Josef Briffa

Representation, Agency and Symbolic manipulation

in the Late Iron Age Southern Levant (8-6th centuries B.C.)

My research intends to move beyond the typological approach to the late Iron Age II figurines in the Southern Levant, offering a more nuanced understanding that places figuration firmly in its social context, at a time of considerable social, political and religious upheaval.

The study will build on the extensive work done on figurines in the region, but which has often been limited to specific types (the Judean Pillar figurines, in particular) or very circumscribed regions. I will consider how superficially similar sets of objects (including the female figurines, horse and rider figures, zoomorphic ones, and others) may be used in different cultural contexts, through a comparative cross-cultural study, considering their specific differences and similarities and their possible significance. With a careful consideration of the archaeological context, through archaeological reports, and unpublished field notes, I will examine how a contextual reading of the body sheds light on wider issues of social organization and complexity in the region.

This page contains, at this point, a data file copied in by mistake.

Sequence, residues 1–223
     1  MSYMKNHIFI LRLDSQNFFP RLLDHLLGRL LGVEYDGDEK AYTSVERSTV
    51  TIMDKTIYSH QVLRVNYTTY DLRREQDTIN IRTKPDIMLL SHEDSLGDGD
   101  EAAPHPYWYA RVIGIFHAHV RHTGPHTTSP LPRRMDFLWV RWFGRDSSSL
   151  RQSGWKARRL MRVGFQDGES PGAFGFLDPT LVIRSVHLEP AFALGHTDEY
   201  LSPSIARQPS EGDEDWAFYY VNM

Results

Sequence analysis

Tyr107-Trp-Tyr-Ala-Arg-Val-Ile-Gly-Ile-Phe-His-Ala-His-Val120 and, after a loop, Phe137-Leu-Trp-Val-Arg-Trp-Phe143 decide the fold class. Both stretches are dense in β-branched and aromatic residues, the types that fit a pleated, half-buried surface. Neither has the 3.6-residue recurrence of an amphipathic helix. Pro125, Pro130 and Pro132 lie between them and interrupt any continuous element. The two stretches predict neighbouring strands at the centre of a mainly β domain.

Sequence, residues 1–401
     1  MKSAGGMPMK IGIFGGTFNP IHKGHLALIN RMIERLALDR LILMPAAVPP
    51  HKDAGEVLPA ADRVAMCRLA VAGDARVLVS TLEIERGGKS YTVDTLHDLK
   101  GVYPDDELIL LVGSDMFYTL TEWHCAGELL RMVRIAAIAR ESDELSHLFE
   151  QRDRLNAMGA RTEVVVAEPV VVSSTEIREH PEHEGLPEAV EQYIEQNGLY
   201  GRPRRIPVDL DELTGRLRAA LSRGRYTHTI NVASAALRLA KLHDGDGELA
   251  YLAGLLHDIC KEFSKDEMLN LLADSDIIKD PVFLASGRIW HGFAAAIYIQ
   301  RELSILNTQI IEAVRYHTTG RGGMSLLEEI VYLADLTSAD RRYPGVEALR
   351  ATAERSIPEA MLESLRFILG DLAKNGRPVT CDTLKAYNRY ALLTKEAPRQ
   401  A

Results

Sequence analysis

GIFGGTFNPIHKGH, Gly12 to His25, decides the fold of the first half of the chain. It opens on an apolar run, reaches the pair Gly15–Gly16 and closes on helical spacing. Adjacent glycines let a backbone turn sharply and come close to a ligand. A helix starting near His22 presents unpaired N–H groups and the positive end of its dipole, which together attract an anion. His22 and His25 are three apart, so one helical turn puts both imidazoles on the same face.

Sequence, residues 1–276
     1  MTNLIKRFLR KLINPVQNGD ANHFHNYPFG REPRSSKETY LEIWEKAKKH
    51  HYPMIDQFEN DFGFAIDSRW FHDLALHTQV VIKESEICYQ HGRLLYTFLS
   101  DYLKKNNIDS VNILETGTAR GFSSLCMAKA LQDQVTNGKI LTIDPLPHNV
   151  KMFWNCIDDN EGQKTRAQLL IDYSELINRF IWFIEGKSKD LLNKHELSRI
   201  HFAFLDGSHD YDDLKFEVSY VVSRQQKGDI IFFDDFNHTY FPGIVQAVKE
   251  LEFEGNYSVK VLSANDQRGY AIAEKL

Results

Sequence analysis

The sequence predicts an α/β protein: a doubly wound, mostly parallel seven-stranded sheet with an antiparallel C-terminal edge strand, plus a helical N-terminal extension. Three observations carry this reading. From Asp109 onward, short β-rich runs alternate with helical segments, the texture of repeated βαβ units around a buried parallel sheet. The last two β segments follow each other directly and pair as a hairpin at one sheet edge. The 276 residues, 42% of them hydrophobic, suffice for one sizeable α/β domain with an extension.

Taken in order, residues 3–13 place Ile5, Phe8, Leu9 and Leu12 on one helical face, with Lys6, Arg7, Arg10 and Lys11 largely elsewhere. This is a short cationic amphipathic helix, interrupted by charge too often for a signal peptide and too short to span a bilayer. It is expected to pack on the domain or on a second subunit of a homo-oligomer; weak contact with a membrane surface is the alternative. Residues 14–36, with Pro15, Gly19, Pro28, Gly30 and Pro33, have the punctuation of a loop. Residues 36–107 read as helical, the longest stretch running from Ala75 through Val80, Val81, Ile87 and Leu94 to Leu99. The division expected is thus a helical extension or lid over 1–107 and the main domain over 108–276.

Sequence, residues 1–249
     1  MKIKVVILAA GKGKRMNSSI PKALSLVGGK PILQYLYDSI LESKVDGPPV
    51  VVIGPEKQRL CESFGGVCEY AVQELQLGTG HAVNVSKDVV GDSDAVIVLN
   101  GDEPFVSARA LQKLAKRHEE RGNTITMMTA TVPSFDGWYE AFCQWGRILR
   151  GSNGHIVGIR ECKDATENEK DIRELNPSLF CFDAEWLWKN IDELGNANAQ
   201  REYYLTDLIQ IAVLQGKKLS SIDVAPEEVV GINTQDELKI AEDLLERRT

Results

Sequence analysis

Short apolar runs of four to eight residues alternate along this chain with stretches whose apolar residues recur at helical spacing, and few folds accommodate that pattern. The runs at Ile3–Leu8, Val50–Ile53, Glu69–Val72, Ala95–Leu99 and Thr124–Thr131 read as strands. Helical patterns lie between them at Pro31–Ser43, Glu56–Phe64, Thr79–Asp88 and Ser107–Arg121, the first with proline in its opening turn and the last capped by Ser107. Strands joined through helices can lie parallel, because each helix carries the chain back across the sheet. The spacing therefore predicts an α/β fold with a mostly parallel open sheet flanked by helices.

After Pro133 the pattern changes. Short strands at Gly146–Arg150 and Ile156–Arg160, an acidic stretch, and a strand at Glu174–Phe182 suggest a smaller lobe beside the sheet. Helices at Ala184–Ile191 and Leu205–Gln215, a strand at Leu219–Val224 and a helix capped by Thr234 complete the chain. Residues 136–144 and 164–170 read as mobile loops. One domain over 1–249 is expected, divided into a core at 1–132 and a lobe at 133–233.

This reading of the figurines engages with their conceptual complexity, and will also examine social meaning and agency, particularly how symbolic significance is created through ritual.


 Educational background

  • BA (Hons), Archaeology, University of Malta, 2000
  • BPhil, Philosophy, Istituto Filosofico Aloisianum (Padua, Italy), 2004
  • BD, Theology, Heythrop College, University of London, 2009
  • SSL, Sacred Scripture, Pontifical Biblical Institute (Rome), 2012

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